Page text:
What are defenses based on lack of capacity? 1) Infants 2) Mental Incapacity 3) Intoxicated Persons 4) Lack of volitional consent What are defenses to enforcement of certain terms? 1) Statute of Frauds o What Contracts Fall under the Statute of Frauds? o Sale of land or interest in land o Contracts not performed within a year and that cannot be performed in this time o Contracts for s ale of goods over $500 (proposed revision requires $5000) o Contracts that fall under statute of frauds must satisfy the statute in order to justify reliance on the contract o Contracts for transfer of an interest in land are not enforceable unless there is a writing that identifies the land and spells out the transaction and that writing is "signed by the party to be charged", i.e., by the defendant in the lawsuit (the party who doesn't want to go forward with the deal). o What written agreements satisfy the Statute of Frauds? o Written memorandum o Mentions both parties o Contains enough information to show that a K has been made o State with reasonable certainty the essential terms o Specify the term of quantity in the case of sale of goods (price can be determined by market value) o If the paper is lost by trial time, it is still valid if you can prove its existence. o Must be signed by the party against whom the K is to be enforced  Can be enforced against the party that DID NOT sign it if ALL of these apply:  Both are merchants  Within a reasonable time of the oral contract, a confirmation is sent and signed by the enforceing party  The recipient (party enforced against) has a reason to know its contents without signing it  The recipient does not give written objection to it within 10 days of receiving the confirmation. 2) Unconscionability What is uncoscionability? o UCC section 2-302 allows a court to refuse to enforce a provision or an entire K (or to modify the K) to avoid unconscionable terms. o Courts look to see if the clauses involved are so one-sided as to be unconscionable under the circumstances existing at the time the K was formed. o 1) Inconspicuous Risk-Shifting Provisions o 2) Contracts of Adhesion – “Take it of Leave It” o 3) Price Unconscionability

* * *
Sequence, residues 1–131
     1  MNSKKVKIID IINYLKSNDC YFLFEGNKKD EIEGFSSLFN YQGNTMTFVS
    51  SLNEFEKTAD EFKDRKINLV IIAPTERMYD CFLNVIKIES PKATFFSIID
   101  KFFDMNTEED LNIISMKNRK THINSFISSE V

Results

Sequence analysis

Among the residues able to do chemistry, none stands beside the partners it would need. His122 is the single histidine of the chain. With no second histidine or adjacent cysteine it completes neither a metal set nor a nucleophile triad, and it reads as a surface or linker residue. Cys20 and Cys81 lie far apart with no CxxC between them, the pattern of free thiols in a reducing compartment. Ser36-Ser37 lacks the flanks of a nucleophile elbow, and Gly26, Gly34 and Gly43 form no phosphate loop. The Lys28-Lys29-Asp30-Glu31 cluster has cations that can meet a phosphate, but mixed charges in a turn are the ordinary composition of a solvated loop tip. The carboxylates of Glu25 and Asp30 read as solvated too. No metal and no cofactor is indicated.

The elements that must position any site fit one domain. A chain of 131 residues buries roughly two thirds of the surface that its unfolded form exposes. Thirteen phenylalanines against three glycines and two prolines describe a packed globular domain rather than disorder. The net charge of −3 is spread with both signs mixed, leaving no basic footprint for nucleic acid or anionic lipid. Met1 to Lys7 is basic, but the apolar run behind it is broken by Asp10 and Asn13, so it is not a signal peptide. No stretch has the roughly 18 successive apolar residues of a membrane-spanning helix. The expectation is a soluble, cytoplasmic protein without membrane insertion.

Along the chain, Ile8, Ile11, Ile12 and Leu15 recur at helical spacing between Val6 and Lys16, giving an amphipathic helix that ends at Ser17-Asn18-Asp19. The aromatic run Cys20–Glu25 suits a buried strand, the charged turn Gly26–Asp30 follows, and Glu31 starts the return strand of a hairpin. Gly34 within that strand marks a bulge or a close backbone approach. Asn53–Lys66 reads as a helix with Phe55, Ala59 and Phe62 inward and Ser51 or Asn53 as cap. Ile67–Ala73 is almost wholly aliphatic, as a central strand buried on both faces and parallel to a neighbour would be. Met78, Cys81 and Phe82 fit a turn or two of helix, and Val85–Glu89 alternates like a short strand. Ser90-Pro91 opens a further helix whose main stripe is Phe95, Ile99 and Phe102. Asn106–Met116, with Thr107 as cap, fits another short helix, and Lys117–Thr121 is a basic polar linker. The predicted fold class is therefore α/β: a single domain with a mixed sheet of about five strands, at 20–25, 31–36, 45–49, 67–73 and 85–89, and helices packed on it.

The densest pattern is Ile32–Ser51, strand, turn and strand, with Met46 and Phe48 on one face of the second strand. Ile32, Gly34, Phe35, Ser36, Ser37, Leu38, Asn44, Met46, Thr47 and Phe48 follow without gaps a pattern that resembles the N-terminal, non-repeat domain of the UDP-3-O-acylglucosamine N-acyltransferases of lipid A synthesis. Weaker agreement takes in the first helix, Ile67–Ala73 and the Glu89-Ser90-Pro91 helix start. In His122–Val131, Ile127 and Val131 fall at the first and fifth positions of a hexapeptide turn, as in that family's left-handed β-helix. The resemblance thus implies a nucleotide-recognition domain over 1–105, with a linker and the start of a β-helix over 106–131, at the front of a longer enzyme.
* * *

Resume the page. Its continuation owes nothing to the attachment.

How do you establish that a breach has occurred? o Must be able to answer yes to: o 1) Has a present duty to perform arisen? o 2) Has the duty to perform been discharged? What is the difference between Promise & Condition? o Promise  A promise is a commitment to do or refrain from doing something. o Unconditional promise  absolute  Failure to perform according to these terms is a breach of K. o Conditional promise  may become absolute by the occurrence of the condition. o Condition  a condition is an event, other than the passage of time, the occurrence or non-occurrence of which will create, limit, or extinguish the other contracting party‟s absolute duty to perform. o In other words, a condition is a promise modifier. o The failure of a contractual provision that is only a condition is not a breach of contract, but it discharges the liability of the promisor whose obligations on the conditional promise never mature.  THIS IS IMPORTANT! FAILURE TO MEET CONDITION DOES NOT AMOUNT TO A BREACH, BUT IT DOES DISCHARGE OBLIGATIONS OF THE PROMISOR! What is the test to determine if something is a promise or a condition? o “Intent of the Parties” test looks at: o Words of Agreement o Prior Practices o Custom o Third-Party Performance  If performance is to be rendered by a 3rd party, it is more likely to be a condition. o In doubtful situations, most courts will hold that the provision in question is a promise. o A helpful question to ask is, “does the performance of the stipulation go to very root of the contract‟s consideration?” If yes, then it is likely a condition. o Jacobs & Young v. Kent What are the different types of conditions? o Sorted by time: o Condition Precedent  Must occur before an absolute duty of immediate performance arises in the other party.  Party‟s satisfaction as Condition Precedent   If the K involves fitness, utility, or marketability, then the party‟s performance is judged objectively (must satisfy a reasonable person).